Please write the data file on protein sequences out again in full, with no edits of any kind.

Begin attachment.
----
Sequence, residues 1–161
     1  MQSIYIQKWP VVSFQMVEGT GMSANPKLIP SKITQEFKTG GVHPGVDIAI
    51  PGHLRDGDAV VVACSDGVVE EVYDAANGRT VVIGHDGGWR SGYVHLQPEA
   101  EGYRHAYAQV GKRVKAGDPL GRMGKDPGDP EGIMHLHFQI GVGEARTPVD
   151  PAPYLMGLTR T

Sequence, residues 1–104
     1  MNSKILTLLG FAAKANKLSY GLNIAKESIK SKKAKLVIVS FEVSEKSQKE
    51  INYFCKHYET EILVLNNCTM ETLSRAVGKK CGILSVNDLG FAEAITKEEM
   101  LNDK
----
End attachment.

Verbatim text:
Sequence, residues 1–161
     1  MQSIYIQKWP VVSFQMVEGT GMSANPKLIP SKITQEFKTG GVHPGVDIAI
    51  PGHLRDGDAV VVACSDGVVE EVYDAANGRT VVIGHDGGWR SGYVHLQPEA
   101  EGYRHAYAQV GKRVKAGDPL GRMGKDPGDP EGIMHLHFQI GVGEARTPVD
   151  PAPYLMGLTR T

Sequence, residues 1–104
     1  MNSKILTLLG FAAKANKLSY GLNIAKESIK SKKAKLVIVS FEVSEKSQKE
    51  INYFCKHYET EILVLNNCTM ETLSRAVGKK CGILSVNDLG FAEAITKEEM
   101  LNDK